I once read an article on Jesus’ parable about the great feast in Luke 14 where there was a scramble amongst some of the guests to get seats at or near the top table.

Jesus saw that this shabby scramble for the places of honour showed they weren’t there to honour their host, but to honour themselves. Then he had a word for his host about giving – giving is at the heart of the Gospel – and is at the heart of Christian life. But not all giving is the genuine article, is it? The writer suggested a story that Jesus might have used to cover this aspect.

A chap called Nicholas, who had a great reputation for generosity, died and went to heaven. St Peter met him at the gate. There he showed him two piles of gold, one small and one large, made up of nuggets of varying sizes.

“What are these?” Nicholas asked.

“They are the acts of giving you performed on earth – one nugget for each act.”

Nicholas’s heart filled with pride. But then Peter said, “I’m sorry Nicholas, sad to say not all giving is true giving. A lot of it is tainted with self interest. So we’ll have to run a test on your acts of giving. By the way, the nuggets in the larger pile don’t count.”

“How come?” Nicholas asked.

“They represent all the gifts you gave to your friends, relatives, cronies, and so on. They don’t constitute real gold. Even gangsters are good to their own.” With a PHHHT the nuggets in the larger pile turned to dust. Peter took a sieve which had large meshes in it, and placed the nuggets from the smaller pile in it. After he had shaken it he was left with the biggest nuggets in the sieve.

“What are you doing now?”asked Nicholas.

“I’m removing those gifts you only gave to get something in return. Such giving is a kind of investment. You get it back, sometimes with a handsome profit.” With that he tossed the nuggets aside, and with a PHHHT they turned to dust. Then he made the mesh of the sieve smaller, put the remaining nuggets into it, shook it and once again tossed aside those that remained. PHHHT

“What was that for?” Nicholas asked.

“That removed the good deeds you did so as to win the praise of others. One can make an idol of oneself through giving.” Peter then made the mesh finer still , putting the remaining nuggets into it. As he did so he said, “Now we’ll remove the good deeds you did simply for the good feeling you got from doing them.”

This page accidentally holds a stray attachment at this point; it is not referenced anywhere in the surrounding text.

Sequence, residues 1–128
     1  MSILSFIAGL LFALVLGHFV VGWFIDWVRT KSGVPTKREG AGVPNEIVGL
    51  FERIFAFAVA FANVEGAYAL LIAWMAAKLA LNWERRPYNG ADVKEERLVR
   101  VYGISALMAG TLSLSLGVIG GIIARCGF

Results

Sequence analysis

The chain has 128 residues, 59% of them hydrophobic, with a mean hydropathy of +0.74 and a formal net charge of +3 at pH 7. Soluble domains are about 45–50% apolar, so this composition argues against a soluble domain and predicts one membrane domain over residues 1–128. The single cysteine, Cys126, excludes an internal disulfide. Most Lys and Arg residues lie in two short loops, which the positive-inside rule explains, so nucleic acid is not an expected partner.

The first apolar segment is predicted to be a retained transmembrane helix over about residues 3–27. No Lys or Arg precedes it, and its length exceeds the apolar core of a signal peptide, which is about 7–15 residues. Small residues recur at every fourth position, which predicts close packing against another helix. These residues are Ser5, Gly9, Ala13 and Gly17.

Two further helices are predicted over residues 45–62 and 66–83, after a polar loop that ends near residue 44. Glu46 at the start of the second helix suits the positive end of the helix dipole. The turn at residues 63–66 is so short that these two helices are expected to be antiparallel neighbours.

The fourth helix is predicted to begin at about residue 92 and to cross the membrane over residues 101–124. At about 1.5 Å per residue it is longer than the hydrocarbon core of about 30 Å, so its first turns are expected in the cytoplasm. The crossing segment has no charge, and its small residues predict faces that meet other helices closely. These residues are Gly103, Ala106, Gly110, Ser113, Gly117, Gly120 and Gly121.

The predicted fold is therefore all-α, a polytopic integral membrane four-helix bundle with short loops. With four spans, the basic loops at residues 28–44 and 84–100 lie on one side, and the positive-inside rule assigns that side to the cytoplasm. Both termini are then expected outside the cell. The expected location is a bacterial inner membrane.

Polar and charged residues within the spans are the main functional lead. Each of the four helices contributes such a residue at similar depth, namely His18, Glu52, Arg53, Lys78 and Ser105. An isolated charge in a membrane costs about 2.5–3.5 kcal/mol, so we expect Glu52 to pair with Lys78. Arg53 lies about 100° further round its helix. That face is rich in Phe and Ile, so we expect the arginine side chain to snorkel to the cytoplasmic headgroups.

Nicholas watched him toss the nuggets that got caught in the sieve into the air where with the now familiar PHHHT they turned into dust. Again Peter gathered up the remaining ones an put them into the sieve having made the mesh finer still.

“What now?” asked Nicholas.

“Now we’ll extract all those things you gave only out of a sense of duty.” He shook the sieve, The nuggets that remained were then tossed aside and they suffered the same fate as the others. PHHHT!

“Stop!” Nicholas cried, “If you go on like this, there won’t be anything left. Then how will I earn my passport to heaven?”

“We should go on,” said Peter. “We should look at the cost of your giving. Suppose we removed the things you gave but which you never missed, how much would disappear? And what of the gifts you gave merely because the receiver was someone you felt deserved your gift?”

But poor Nicholas wasn’t listening any more. “It’s a terrible feeling to have gold within your reach, and then have it snatched from you.” He cried.

Peter said, “Or if it turns out not to be real gold but fool’s gold. Ah, Nicholas, real giving is very rare, just as real gold is very rare. To give without expecting anything in return, least of all the great prize of heaven, that is what constitutes real giving. . . . But cheer up, I’ve got good news for you.”

“What good news?” asked Nicholas.

“The Lord is the greatest giver of all. His acts of giving are pure gold. But we’ve talked long enough. It’s time to meet the Lord himself.”

“But I’m empty handed!” Nicholas cried.

“That only means you’re poor,” Peter replied, “But never fear. The Lord gives most generously to those who are poor and are not ashamed to admit it. So let’s go.”

I wonder, is that story relevant to us? It is, regrettably, relevant to me.

Max Young